Stock Options To The Rescue! The Men’s Wearhouse (MW)

| June 7, 2012 | 0 Comments

MW OptionsToday we’re looking at an option trade on The Men’s Wearhouse to reduce your cost basis and get back to breakeven after the recent decline in the stock.

Here’s what happened…

The Men’s Wearhouse (MW) shares are down 18% from $35.50 to $29 after quarterly revenue, earnings, and outlook fell short of Wall Street expectations.

Here’s the deal…

The men’s apparel retailer reported quarterly profits slipped to $26.9 million from $27.4 million a year ago.  EPS held steady at 52 cents per share.  But they missed earnings estimates of 55 cents per share.

The earnings miss was driven by weaker than expected revenue growth.  Last quarter sales grew a modest 1.1% to $586 million.  It was well short of the $593.9 million analysts were expecting.

What’s more, management’s guidance for the current quarter fell short of expectations.  MW said 2nd quarter earnings would likely be $1.12 or $1.13 per share.  But Wall Street was expecting earnings of $1.22.

Here’s the kicker…

MW is in the midst of stringing together two weaker than expected quarters.  They missed last quarter and they slashed their guidance for the current quarter.

But it’s not as bad as it sounds… The weaker than expected quarters are essentially an issue with timing.

In 2010, MW acquired two uniform makers in the UK.  Last year MW rolled out new products in these divisions during the first and second quarter.  But this year they’re rolling them out in the 3rd and 4th quarter.

This essentially pushes back the sales and earnings they made during the first half of 2011 to the second half of 2012.

The result is weaker than expected earnings in the first and second quarters.  And the stock has taken a big hit.  But don’t hit the sell button on MW just yet.

The company affirmed their full year guidance.  So it’s safe to say the second half of the year will be better than expected.  Instead of selling MW, rescue the trade with options.

Here’s what to do now…

Let’s assume you invested $3,550 to buy 100 shares of MW at $35.50 before earnings.  At a current price of $29 per share, you’re down $650.  But you don’t mind doubling your position size (increasing it to 200 shares) because there’s a good chance MW will bounce back in the second half.

Selling the MW November $29 straddle is a great way to rescue this trade.

This is a short straddle.  It’s established by selling a call and a put with the same strike price and expiration.

In this case, we’re using the November expiration because it falls after they report 2nd quarter earnings and before they report 3rd quarter earnings.  Remember, we should see the impact of the uniform sales being pushed back to the second half of the year in the third quarter.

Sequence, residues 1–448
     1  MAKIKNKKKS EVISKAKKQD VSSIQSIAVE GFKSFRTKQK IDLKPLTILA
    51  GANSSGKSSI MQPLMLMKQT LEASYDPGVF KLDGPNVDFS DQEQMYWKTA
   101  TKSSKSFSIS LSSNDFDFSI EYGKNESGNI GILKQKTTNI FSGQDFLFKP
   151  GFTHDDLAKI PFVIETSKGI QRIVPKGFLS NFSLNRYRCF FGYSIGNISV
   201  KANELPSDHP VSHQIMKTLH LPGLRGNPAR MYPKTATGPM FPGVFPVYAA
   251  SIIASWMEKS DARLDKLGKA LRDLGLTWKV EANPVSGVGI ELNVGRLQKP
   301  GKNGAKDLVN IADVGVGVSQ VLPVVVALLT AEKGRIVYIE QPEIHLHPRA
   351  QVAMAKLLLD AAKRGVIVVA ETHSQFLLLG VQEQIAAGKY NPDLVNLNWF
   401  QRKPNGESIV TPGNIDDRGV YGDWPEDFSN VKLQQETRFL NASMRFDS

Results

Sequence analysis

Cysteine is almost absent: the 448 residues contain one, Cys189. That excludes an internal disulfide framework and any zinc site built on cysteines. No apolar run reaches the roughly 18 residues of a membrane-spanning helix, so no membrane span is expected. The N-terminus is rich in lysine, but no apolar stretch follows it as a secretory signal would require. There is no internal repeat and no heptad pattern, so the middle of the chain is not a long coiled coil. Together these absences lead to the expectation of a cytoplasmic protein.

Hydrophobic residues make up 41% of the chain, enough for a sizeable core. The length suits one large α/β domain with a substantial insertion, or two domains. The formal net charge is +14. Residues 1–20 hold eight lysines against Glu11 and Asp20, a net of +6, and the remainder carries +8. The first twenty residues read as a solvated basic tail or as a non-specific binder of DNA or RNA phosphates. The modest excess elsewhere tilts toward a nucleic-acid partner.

Right now you can sell the November $29 calls for $3.30 and you can sell the $29 puts for $3.30.  The trade results in a $660 credit.  It also sets aside $2,900 in your trading account to cover the purchase of 100 shares if the put option is exercised.

There are two possible ways for this trade to get you back to breakeven or profit on this trade.

First, if MW is above the $29 strike on November 16th (options expiration day).

In this case, the owner of the call option will exercise their right to buy your shares of MW and the put option will expire worthless.

Your 100 shares of MW will be called away or sold at $29… a loss of $650 ($3,550 purchase price – $2,900 sales price) on the stock.  But don’t forget, you get to keep both option premiums of $660.

You’re out of the trade at breakeven.  Not too shabby after being down more than 18%.

The other scenario is MW is below the $29 strike on November options expiration day.

In this case, the owner of the put option will exercise their right to sell you 100 shares of MW at $29 and the call option expires worthless.

You’ll have 100 shares of MW ‘put’ to you.  In other words, you’ll be obligated to buy another 100 shares of MW for $29 apiece.  And you still keep the $660 in option premium.

The result is you’ll now own 200 shares of MW at an average cost of $27.95 per share (100 shares @ $33.50 + 100 shares at $29.00 – $660 in option premium).  And you’ll be in a great position to profit from a strong second half from a lower cost basis.

Good Investing,

Corey Williams

Tags: , , ,

Category: Stock Options To The Rescue!

About the Author ()

A former banking executive, Corey Williams is the Chief Options Strategist and co-editor of our well-known daily newsletter, Options Trading Research. Corey’s extensive experience with options goes all the way back to his days in corporate finance. It was this decade in banking where Corey discovered the most important skill an options trader can have– the ability to analyze a company or sector to determine its likely future direction. And now he’s brought this background, experience and love of options to Options Trading Research, the unique daily e-letter devoted exclusively to helping individual investors profit from the very lucrative options market.